• LACMA. “LACMA Repatriates Buddhist Treasures to Korea.” LACMA Instagram. 1 July 2020. Accessed 28 July 2020. https://www.instagram.com/p/CCHDjtylV-d/. 
  • Panero, James. “Korean Culture Is on the Rise. What about Korean Art?” National Endowment for the Humanities. July/August 2014. Accessed 18 October 2020. https://www.neh.gov/humanities/2014/julyaugust/feature/korean-culture-the-rise-what-about-korean-art.
  • Tse, Fion. “LACMA Repatriates Korean Buddhist Paintings.” Art Asia Pacific. 10 July 2020. Accessed 28 July 2020. http://artasiapacific.com/News/LACMARepatriatesKoreanBuddhistPaintings. 
  • Weber, Christopher and Kim, Hyung-Jin. “Los Angeles Museum Gains Painting, Could Lose Seal.” 27 November 2012. Access 11 October 2020. https://www.timesofisrael.com/los-angeles-museum-gains-painting-could-lose-seal/.
  • Useum. “Six of the Ten Kings of Hell.” Useum. Accessed 13 August 2020. https://useum.org/artwork/Six-of-the-Ten-Kings-of-Hell-Anonymous.

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[1] The painting “Yeongsanhoesangdo” (“Preaching Shakyamuni Buddha”) was commissioned in 1755 during the 31st year of King Yeongjo’s reign. It depicts Buddha preaching sutra. The painting, which is the earliest hanging scroll painting from Gangwon Province in existence today, and is regarded as a masterpiece due to its size (335.2 x 406.4 cm) and prominent artistic style, hung behind the altar in the back of the “Daeungjeon” (“Main Buddha Hall”). Author’s personal archives (press release shared via email by Jogye Order, 11 August 2020).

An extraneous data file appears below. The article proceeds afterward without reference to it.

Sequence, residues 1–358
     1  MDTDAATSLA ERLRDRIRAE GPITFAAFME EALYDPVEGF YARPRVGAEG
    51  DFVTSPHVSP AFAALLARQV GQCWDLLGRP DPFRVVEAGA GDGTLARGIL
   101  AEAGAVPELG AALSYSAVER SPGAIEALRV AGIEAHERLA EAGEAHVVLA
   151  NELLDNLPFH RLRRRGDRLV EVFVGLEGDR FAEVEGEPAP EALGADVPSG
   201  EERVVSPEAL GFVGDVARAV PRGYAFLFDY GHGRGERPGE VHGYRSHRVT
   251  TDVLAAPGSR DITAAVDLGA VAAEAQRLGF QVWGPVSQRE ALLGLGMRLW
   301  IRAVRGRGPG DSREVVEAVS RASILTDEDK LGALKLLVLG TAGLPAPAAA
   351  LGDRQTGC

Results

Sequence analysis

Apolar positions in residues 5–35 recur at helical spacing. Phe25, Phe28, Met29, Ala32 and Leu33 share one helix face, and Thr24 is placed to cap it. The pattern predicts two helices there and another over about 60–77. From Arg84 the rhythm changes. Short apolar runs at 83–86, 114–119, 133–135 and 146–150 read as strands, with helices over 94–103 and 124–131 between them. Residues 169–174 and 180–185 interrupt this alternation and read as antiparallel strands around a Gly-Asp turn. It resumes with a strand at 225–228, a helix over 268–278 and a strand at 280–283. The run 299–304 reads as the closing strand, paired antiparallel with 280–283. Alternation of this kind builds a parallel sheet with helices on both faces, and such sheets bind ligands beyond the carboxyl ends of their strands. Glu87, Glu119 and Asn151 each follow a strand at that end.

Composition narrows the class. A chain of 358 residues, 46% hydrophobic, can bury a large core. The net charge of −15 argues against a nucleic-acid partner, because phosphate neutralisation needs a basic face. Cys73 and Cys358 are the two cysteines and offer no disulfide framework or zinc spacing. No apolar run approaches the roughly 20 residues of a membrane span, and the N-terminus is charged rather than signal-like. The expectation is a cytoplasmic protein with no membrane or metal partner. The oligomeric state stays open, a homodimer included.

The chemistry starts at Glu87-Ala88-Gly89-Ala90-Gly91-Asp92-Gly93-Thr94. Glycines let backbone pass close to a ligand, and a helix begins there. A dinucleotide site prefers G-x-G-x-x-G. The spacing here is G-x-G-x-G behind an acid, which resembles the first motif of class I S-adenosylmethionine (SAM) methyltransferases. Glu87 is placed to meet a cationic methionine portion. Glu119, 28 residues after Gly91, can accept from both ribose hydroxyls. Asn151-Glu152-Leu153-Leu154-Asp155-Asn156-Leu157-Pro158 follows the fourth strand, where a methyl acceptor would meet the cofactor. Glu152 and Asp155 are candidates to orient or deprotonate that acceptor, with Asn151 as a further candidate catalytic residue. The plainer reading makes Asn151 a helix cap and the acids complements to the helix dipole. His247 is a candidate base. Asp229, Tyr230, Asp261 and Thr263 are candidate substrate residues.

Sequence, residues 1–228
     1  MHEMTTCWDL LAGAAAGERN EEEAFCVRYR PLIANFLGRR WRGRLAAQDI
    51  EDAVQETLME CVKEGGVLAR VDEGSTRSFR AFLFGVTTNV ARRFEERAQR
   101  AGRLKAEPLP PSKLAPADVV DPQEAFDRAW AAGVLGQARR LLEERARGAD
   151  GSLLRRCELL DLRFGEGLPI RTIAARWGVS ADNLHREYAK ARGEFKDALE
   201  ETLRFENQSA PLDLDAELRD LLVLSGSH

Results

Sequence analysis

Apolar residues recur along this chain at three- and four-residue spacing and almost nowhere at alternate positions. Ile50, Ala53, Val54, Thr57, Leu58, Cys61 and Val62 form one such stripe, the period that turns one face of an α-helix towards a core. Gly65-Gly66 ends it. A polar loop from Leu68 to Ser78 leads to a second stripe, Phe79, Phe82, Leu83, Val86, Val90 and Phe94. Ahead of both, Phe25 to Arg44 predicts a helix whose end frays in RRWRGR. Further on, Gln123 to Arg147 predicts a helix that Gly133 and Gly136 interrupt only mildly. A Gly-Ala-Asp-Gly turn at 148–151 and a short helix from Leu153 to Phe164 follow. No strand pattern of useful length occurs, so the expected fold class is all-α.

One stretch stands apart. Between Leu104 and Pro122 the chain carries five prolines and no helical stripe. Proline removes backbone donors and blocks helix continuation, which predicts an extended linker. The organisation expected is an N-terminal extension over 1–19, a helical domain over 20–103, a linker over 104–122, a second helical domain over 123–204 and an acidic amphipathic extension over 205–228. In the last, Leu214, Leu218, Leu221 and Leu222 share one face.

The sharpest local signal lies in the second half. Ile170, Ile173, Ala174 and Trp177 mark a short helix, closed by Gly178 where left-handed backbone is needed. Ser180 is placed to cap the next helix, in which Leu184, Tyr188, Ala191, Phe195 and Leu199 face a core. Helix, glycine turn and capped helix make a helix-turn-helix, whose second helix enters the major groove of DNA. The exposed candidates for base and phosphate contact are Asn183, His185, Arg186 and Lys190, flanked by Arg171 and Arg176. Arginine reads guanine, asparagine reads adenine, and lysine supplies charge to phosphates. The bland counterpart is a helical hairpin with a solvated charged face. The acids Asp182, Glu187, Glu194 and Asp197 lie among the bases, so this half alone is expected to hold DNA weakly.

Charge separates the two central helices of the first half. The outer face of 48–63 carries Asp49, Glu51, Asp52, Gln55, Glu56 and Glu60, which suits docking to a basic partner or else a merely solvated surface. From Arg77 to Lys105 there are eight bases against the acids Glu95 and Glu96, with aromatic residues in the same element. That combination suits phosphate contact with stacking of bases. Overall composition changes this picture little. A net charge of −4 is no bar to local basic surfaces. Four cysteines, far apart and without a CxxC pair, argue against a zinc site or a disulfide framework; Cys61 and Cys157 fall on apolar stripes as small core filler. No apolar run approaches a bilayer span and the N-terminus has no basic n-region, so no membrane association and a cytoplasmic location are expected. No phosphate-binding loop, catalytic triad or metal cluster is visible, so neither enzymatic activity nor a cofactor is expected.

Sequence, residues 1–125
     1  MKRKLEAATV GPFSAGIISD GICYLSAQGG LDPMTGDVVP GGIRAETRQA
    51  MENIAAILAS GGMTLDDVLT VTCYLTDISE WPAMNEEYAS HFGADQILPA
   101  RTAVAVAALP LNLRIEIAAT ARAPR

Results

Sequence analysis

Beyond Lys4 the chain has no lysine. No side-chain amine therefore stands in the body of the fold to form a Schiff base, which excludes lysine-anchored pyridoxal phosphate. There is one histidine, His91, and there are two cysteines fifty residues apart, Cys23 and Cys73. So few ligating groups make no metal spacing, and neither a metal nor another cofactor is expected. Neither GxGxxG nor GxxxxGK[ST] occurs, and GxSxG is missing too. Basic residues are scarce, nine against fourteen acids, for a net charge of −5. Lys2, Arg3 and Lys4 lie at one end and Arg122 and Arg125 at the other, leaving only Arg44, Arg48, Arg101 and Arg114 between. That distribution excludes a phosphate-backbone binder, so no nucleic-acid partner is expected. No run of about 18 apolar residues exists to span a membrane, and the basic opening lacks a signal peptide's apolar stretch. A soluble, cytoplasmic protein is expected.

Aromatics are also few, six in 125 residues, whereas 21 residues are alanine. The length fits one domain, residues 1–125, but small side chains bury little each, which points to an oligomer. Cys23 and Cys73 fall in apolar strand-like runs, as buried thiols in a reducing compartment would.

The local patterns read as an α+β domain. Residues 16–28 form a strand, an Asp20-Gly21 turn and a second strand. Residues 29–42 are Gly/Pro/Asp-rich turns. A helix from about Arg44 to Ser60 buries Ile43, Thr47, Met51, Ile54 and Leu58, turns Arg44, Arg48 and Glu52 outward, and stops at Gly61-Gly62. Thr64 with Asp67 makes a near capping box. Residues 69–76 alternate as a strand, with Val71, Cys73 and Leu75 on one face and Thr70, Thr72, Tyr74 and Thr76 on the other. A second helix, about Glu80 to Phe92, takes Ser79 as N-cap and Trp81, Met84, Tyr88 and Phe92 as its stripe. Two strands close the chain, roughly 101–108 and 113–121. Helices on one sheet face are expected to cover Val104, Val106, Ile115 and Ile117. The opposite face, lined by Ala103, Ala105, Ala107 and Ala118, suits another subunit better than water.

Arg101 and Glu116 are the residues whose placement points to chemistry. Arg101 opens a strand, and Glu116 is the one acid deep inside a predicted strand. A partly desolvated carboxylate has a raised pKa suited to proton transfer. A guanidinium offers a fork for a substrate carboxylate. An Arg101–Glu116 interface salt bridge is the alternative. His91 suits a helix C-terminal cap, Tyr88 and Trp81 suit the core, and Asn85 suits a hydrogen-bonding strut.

[2] The “Siwangdo” (“Kings of Hell”) scrolls were commissioned in 1798 during the 22nd year of King Jeongjo’s reign and were enshrined in “Myeongbujeon” (“Hall of Jijang Bodhisattva”), where they hung behind each of the ten Kings of Hell. These three scrolls depicted six of the ten Kings of Hell. Worshippers often prayed to these paintings for guidance from hell to paradise as well as for health, longevity and fortune. Useum, “Six of the Ten Kings of Hell.” Author’s personal archives (press release shared via email by Jogye Order, 11 August 2020).

[3] Artnet News, “The Los Angeles County Museum of Art Restituted Four Buddhist Paintings Looted by Americans During the Korean War.”

[4] Author’s personal archives (telephone communication with Stephen Little, curator, Virginia Moon, curator, Pamela Kohanchi, counsel, and Nancy Thomas, Senior Deputy Director of LACMA, 13 August 2020).

[5] Artreview, “LACMA Returns Buddhist Paintings Looted During the Korea War.”

[6] See supra n. 4; the other three paintings in question were returned to the Jogye Order in 2017, see Little and Moon, “LACMA Repatriates Buddhist Treasures to Korea.”

[7] Keener, “Art World Roundup: Art Acquisitions, Art Restitution, and the End of King Tut’s Touring Show?”

[8] Author’s personal archives (telephone communication with Stephen Little, curator, Virginia Moon, curator, Pamela Kohanchi, counsel, and Nancy Thomas, Senior Deputy Director of LACMA, 13 August 2020).

[9] Ibid.

[10] Chen, “Art Deaccessions and the Limits of Fiduciary Duty.”

[11] Ibid., at 131.

[12] Ibid., at 131, fns. 172 and 173.

[13] Ibid., at 138.

[14] Weber and Kim, “Los Angeles Musuem Gains Painting, Could Lose Seal.”

[15] Korea JoongAng Daily,“Joseon Dynasty-era Buddhist Paintings to Return Home from the US.”

[16] Tse, “LACMA Repatriates Korean Buddhist Paintings.”

[17] Christine Kim, “Colonial Plunder and the Failure of Resitution in Postwar Korea,” 607, 624.

[18] Panero, “Korean Culture is on the Rise. What about Korean Art?”

[19] Chen, “Art Deaccessions and the Limits of Fiduciary Duty. ”

[20] LACMA Instagram, “LACMA repatriates Buddhist treasures to Korea.”